Ka’harja scoffed and turned away. ‘I can’t believe this,’ he mumbled.
‘Get over it, Sweetheart,’ Distro laughed. ‘I don’t think many other cultures talk about him.’
‘I know seces don’t talk about him,’ said Sken. ‘That was supposed to be a name?’
‘Gagoo’galornga and Maiden Klict are from an old story about a nurlak who killed a wolven shapeshifter,’ Distro explained. ‘It’s supposedly about how foxen people started existing.’
‘Supposedly?’ Sken glanced between Ka’harja and Distro. ‘You don’t think it’s the truth?’
Distro opened her mouth to respond but no words came out. Her dark eyes looked lost for a second before she closed them and shook her head. ‘After today I’m not sure I’m brave enough to call it a lie.’
‘You’re braver than I am,’ Ka’harja shivered. He didn’t think anyone would be able to deny that.
Distro put a hand on her son’s shoulder. ‘Ka’harja, you’re freezing. Go sit by the fire.’
‘Only if you come too,’ said Ka’harja.
‘Alright, fine,’ Distro sighed before she pushed herself to her feet and held her hand out for Ka’harja. ‘Let’s go get you warm.’
Ka’harja took her hand and they climbed the hill back to the caravan together. Sken followed behind them, her glowing freckles giving just enough light for the trio to make their way safely uphill. As they reached the top the caravan went silent. Distro took a step back and Ka’harja felt her squeeze his hand.
He wanted to comfort her, but before he had the chance there was an explosion of excited shouting from the caravaners.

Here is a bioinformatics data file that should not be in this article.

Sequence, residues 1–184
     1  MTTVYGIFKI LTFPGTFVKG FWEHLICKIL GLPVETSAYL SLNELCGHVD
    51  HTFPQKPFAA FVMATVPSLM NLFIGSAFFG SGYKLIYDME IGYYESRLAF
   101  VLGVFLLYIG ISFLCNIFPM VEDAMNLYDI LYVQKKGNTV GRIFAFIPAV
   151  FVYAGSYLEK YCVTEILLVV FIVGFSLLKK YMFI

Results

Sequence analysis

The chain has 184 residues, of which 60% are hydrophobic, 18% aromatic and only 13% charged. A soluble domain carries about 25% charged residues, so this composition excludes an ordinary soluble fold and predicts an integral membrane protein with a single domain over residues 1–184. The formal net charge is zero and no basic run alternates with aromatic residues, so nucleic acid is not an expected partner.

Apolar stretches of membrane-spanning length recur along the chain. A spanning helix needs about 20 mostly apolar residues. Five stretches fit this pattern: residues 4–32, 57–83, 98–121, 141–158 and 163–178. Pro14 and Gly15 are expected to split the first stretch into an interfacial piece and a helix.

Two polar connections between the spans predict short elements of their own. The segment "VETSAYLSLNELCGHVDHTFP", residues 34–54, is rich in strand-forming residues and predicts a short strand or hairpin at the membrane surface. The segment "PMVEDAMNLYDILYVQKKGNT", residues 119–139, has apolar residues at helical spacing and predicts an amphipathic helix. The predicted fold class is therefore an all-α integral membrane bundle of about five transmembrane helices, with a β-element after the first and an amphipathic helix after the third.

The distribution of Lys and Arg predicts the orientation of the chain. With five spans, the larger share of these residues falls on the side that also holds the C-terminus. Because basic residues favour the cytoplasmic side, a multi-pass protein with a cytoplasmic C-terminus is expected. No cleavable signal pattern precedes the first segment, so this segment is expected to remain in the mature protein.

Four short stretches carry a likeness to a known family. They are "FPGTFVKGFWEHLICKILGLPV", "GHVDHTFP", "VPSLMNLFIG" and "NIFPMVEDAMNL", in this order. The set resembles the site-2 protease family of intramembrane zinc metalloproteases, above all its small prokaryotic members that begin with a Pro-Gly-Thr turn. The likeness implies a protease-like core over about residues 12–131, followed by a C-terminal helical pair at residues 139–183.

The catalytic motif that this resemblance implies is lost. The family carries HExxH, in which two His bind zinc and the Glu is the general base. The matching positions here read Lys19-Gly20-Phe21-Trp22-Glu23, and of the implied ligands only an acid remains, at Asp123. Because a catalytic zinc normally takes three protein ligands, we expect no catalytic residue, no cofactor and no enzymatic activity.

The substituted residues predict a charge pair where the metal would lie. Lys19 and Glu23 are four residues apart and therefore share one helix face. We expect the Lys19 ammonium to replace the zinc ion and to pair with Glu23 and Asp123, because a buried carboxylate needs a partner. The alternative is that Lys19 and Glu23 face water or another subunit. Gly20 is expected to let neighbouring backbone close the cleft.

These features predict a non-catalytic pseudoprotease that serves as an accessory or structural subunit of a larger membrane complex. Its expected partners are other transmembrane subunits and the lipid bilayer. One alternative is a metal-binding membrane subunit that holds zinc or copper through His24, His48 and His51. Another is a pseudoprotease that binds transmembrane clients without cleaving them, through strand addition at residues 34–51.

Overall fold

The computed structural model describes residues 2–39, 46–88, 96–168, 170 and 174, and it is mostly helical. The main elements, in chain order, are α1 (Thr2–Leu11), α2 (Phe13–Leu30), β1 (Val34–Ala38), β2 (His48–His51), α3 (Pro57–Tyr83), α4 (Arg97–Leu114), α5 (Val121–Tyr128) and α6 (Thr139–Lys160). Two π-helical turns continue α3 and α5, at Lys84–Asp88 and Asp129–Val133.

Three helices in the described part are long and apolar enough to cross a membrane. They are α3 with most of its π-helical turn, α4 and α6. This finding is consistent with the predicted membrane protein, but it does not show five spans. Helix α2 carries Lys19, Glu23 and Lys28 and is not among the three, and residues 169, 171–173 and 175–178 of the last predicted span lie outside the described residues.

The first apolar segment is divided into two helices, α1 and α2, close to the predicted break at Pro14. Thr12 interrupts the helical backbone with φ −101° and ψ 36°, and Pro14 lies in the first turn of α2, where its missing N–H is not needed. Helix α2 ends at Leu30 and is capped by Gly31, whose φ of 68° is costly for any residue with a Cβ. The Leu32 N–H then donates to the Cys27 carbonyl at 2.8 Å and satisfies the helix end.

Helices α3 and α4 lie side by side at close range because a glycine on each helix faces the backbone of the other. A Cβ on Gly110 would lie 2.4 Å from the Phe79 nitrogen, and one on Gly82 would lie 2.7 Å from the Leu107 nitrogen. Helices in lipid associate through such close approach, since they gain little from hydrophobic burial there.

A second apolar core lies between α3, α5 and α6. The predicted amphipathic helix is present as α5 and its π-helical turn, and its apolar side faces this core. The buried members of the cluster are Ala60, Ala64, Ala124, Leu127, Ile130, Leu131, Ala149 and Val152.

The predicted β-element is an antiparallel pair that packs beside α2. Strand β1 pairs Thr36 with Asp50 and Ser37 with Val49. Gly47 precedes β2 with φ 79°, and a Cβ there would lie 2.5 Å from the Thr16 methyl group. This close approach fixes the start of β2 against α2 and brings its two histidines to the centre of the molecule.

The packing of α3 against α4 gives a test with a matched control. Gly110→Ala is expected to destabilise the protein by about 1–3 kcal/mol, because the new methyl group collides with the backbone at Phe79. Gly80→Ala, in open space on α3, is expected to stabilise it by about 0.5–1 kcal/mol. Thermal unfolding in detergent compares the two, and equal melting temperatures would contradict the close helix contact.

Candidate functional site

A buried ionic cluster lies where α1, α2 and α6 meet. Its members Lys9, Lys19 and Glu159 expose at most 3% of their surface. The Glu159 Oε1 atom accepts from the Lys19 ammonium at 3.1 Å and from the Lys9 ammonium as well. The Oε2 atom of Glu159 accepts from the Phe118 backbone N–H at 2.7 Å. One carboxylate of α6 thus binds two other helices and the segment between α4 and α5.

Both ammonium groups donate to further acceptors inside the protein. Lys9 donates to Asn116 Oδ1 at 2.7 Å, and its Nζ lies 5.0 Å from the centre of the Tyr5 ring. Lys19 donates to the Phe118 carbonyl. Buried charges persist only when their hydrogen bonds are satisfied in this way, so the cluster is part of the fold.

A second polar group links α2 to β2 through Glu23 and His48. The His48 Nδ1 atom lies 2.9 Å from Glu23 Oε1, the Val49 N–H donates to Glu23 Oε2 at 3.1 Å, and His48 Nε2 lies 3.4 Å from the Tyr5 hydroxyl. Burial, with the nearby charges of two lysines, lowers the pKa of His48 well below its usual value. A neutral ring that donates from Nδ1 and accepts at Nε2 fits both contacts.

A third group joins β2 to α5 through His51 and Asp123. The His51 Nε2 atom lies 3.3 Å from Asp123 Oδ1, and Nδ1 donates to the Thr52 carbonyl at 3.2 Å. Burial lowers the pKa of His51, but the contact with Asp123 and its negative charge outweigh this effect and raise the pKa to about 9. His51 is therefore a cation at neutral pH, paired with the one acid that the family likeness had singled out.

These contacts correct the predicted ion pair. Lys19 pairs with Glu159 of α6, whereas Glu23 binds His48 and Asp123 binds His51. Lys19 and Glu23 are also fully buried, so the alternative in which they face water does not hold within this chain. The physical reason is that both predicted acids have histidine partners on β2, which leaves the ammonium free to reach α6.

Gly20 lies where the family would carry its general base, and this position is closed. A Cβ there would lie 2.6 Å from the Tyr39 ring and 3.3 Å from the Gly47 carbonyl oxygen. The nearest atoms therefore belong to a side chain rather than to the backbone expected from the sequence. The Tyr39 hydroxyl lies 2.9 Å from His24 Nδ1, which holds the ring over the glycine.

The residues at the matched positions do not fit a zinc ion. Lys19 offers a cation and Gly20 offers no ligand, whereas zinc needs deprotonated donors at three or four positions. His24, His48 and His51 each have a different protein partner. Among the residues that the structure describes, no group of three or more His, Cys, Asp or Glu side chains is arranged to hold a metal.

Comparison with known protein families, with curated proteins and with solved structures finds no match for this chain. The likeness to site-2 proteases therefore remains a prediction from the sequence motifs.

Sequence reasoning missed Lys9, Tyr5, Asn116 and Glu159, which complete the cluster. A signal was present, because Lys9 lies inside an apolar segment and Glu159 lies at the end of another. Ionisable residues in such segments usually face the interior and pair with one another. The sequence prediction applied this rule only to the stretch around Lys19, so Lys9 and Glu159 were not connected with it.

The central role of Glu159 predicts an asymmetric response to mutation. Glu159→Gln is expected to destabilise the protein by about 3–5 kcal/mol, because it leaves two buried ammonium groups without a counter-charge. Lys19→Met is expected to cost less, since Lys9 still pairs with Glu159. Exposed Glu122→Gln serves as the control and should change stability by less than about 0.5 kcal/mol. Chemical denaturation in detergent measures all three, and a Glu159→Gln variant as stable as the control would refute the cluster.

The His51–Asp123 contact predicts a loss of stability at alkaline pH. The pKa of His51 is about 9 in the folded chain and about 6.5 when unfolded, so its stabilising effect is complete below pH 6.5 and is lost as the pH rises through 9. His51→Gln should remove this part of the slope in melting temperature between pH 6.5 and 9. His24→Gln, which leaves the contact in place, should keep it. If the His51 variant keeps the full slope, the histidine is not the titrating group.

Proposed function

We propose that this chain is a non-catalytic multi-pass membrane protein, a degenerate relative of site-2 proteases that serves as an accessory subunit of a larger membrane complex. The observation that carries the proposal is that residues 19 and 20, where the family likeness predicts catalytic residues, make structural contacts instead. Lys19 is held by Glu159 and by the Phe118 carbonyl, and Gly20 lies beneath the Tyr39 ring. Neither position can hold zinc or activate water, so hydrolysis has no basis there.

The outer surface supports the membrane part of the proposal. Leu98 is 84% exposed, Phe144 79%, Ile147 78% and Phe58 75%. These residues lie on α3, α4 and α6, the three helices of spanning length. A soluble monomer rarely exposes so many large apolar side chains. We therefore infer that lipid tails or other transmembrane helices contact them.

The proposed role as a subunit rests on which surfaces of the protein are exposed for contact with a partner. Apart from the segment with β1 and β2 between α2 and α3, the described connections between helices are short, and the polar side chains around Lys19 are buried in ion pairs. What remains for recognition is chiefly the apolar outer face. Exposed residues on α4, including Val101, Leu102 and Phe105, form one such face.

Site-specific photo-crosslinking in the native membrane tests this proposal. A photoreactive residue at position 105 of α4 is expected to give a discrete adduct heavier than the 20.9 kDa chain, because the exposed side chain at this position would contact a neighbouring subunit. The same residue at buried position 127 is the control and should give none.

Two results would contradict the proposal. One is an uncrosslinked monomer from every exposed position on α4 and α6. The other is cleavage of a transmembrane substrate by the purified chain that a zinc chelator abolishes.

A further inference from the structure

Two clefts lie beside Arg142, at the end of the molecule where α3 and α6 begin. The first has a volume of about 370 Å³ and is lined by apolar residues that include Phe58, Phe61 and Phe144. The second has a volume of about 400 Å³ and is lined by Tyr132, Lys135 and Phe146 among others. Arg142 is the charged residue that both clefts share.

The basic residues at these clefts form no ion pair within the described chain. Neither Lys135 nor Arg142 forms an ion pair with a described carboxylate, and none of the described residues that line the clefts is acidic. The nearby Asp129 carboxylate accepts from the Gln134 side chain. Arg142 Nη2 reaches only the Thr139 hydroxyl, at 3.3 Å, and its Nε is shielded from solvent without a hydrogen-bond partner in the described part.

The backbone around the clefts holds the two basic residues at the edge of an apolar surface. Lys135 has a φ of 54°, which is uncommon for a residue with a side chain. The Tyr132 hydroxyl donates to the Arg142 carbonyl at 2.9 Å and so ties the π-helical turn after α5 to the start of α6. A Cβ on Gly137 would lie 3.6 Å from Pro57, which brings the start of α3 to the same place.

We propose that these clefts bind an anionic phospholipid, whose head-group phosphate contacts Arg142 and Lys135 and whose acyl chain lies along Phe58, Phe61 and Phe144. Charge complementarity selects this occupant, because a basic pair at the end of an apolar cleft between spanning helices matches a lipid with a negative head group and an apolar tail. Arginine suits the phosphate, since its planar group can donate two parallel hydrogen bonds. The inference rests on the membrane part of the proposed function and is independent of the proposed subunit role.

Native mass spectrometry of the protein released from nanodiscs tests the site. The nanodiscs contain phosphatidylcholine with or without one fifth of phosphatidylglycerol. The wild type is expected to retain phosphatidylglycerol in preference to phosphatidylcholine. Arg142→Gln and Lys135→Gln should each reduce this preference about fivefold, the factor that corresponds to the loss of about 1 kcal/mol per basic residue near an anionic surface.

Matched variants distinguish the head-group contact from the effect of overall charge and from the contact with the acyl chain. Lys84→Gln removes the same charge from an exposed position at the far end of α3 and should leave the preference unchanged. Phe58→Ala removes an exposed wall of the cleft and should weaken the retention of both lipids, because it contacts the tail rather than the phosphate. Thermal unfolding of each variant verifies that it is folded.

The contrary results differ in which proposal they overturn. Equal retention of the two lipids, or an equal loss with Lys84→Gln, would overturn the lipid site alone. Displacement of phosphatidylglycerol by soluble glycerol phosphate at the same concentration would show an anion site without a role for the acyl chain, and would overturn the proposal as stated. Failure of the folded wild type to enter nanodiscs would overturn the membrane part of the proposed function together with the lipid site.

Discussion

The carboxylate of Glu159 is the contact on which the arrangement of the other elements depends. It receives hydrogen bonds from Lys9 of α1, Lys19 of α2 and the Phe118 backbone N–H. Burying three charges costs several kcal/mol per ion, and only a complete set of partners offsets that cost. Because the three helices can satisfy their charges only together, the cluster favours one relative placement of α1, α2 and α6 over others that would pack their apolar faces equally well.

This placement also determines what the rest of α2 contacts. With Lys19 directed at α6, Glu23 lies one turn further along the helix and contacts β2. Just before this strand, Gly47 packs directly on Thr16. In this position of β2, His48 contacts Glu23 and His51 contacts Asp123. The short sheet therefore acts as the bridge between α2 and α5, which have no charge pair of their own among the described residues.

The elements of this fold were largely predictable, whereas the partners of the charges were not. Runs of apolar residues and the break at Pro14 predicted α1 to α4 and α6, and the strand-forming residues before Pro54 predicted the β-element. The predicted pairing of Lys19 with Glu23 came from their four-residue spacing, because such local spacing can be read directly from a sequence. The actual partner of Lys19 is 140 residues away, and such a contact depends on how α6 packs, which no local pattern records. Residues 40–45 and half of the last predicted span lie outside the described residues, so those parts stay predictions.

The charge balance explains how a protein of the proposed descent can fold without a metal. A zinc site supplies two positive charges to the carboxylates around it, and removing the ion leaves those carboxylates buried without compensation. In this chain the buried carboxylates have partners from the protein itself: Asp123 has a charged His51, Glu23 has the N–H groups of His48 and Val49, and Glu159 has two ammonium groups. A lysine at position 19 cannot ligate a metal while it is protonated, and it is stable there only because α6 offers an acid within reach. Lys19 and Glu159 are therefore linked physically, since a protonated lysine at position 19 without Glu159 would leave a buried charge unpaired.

‘Come sit with us!’ Baku exclaimed, running up and grabbing Distro’s free hand. He pulled her to the fire and sat her down as the rest of the travellers crowded her.
Ka’harja trailed behind Distro, dragged along by his mother’s firm grip. He wasn’t sure if she was going to let go… or if he’d ever get the feeling back in his fingers if she did.
As she sat down the guards gave a cheer; they raised their bottles and shouted with joy and stumbled around like idiots.
Distro gave a sheepish bow and looked away. ‘You don’t have to do that.’
‘But we want to!’ Baku laughed, his cheeks growing even darker than his drunken flush had already made them. ‘You deserve it!’
‘It would be an honour if you’d eat with us,’ Coborn swallowed as she held out another bowl of soup for Distro; unaware that she’d already eaten. ’N-Not because you’ve called Klict. That’s amazing too but— But the way you fought today…. You’re so brave.’
‘Thank you,’ said Distro. She took the bowl and Ka’harja screamed internally as he remembered he’d forgotten their other bowls by the river. ‘I don’t feel it, though. I was just protecting my son. I can’t imagine doing anything less for him.’
Ka’harja smiled, pushed his thoughts about the bowls to the back of his mind, and kissed his mother on the cheek.
‘What’s it like?’ Koko asked, smiling widely. Her ears pricked up and her tail gave a small wag when Distro turned to her. ‘Did it hurt? Could you hear or see better? Do your scales have feeling in them or are they numb? Do you—’
‘—I’m not sure about anything yet,’ Distro put a hand up to silence Koko. ‘It will take me a while, I think, before I can answer anything like that. But changing… it didn’t hurt at all. It was like a rush of adrenaline as time slowed down for me. Then I was suddenly different. I could fit Kay’oten’s whole head in my mouth and… I felt the urge to just bite down and….’
‘Shake the shit out of her?’ Lif snickered. ‘Because that’s what you did.’
Distro gave a weak smile and nodded.
‘Uh, Distro?’ Trat gave a cough, and after a nervous pause he continued, ‘I’m not an expert or anything… but aren’t you supposed to turn back?’